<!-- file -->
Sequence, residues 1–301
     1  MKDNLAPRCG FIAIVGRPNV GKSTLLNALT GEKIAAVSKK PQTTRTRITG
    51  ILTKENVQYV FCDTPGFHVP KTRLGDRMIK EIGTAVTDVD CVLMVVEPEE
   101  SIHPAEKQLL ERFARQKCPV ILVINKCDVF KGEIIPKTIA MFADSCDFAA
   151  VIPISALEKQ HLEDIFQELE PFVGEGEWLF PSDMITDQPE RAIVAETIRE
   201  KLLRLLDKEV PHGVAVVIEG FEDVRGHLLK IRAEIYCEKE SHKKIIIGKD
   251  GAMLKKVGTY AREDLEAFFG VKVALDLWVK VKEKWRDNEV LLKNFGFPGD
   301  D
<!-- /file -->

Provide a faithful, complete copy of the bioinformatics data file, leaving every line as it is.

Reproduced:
Sequence, residues 1–301
     1  MKDNLAPRCG FIAIVGRPNV GKSTLLNALT GEKIAAVSKK PQTTRTRITG
    51  ILTKENVQYV FCDTPGFHVP KTRLGDRMIK EIGTAVTDVD CVLMVVEPEE
   101  SIHPAEKQLL ERFARQKCPV ILVINKCDVF KGEIIPKTIA MFADSCDFAA
   151  VIPISALEKQ HLEDIFQELE PFVGEGEWLF PSDMITDQPE RAIVAETIRE
   201  KLLRLLDKEV PHGVAVVIEG FEDVRGHLLK IRAEIYCEKE SHKKIIIGKD
   251  GAMLKKVGTY AREDLEAFFG VKVALDLWVK VKEKWRDNEV LLKNFGFPGD
   301  D